Original URL: https://www.theregister.co.uk/2006/11/30/vista_highbury/
Microsoft's field of dreams
The Arsenal Stadium Mystery
Comment Hmm. How to decide where to stage your biggest product launch, actually your only product launch as far as most people are concerned, for over five years.
Microsoft chose the Arsenal FC football stadium in North London for the UK business launch of Vista, Office 2007 and the new Exchange. Tick the boxes - much anticipated, looks great, so many more features including state of the art security, but takes up so much more real estate than the original and has been dogged by political interference from the start. Could be any stadium anywhere in the world.
And yes, that pretty much sums up things for Microsoft’s new big box of software.
The comparisons don’t stop there of course. The new Arsenal stadium sets 9,000 seats aside for premium ticket holders. A pair of tickets for the Diamond Club, a sort of all you can eat and watch for the uber fan, will set you back £100,000 for three years. Club level membership - the seats are leather and you have to pay for your own scoff, will set you back a sum comfortably into the four figures per year.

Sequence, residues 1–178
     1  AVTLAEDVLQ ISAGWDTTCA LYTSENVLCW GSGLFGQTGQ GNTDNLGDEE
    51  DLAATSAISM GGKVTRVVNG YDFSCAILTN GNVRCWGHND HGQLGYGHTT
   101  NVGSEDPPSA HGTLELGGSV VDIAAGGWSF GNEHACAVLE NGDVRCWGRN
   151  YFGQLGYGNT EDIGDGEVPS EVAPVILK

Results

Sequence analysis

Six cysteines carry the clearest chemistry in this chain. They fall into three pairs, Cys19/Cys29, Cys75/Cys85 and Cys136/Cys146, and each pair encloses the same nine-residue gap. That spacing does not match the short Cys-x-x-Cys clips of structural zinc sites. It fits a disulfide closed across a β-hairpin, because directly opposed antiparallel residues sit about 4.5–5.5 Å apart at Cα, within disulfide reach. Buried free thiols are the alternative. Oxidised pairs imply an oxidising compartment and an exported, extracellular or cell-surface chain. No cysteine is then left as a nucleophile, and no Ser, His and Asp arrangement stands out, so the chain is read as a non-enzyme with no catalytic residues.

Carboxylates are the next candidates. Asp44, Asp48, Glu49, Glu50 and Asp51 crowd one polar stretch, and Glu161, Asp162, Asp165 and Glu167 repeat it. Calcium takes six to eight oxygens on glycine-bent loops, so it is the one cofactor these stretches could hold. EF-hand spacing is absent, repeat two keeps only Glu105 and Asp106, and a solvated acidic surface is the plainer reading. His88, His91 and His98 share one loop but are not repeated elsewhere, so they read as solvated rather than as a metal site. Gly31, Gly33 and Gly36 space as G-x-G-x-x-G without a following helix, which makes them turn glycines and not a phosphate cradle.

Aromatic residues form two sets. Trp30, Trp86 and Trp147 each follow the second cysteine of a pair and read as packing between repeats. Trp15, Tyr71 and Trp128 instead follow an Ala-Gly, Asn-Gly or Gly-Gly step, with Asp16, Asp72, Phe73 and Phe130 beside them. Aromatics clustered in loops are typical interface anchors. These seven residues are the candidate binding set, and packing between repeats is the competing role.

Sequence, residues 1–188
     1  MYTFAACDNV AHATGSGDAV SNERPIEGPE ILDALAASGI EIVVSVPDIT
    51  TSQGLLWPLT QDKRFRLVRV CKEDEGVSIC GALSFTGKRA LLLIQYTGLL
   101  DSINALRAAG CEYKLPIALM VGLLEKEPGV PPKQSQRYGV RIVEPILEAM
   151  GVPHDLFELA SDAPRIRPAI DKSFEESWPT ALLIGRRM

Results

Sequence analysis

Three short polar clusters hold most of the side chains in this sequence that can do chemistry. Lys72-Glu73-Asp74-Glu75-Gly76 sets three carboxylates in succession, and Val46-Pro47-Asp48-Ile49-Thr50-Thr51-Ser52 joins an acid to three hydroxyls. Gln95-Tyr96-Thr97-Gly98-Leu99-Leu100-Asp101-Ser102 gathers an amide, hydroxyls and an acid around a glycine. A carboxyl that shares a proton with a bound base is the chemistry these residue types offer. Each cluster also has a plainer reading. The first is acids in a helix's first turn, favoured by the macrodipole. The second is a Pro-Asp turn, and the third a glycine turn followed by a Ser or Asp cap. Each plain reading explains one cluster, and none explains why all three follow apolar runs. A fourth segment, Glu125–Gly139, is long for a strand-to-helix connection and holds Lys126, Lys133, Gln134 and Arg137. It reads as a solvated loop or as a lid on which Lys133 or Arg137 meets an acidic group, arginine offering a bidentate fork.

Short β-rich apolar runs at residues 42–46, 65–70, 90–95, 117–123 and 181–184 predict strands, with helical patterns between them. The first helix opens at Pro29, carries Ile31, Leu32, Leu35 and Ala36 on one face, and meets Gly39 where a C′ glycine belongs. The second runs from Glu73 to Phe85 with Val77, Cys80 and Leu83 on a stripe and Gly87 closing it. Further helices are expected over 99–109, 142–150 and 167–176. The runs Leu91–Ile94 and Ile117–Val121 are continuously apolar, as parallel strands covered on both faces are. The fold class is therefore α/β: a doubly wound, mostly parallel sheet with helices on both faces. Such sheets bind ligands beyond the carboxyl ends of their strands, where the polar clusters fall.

Vista’s got its own premium club, which will consist of people with the sort of graphics firepower you previously only worried about if you were really really into games. Only these VRAM freaks will be able to fully use Aero. You don’t have to have it of course. Vista will run on any decent PC bought in the last couple of years. Just not without the full interface. But Vista without Aero will surely be like getting to the game and finding the lunatic fan that likes to wear a red and white top hat is in the row in front of you.
The launch itself was something of an anticlimax. People in the UK just don’t drink as much coffee as the Americans, meaning the product evangelism comes across less “praise the lord” as “more tea vicar”. Anyone that really cares will have seen the product already, whether in beta or in demos. The Microsoft staffers seemed pleased that someone in Redmond has finally pressed the button, and now they can stop making excuses and just get on with flogging the thing.
Well, up to a point. Microsoft marketeers now have the problem of selling this whole new bag of tricks to the public, while telling them they can’t actually have it until the end of January. And yes, another, much more flamboyant launch is being planned. Maybe they can see if Wembley Stadium or the Millennium Dome is available. They both know a thing about big promises and long delays.®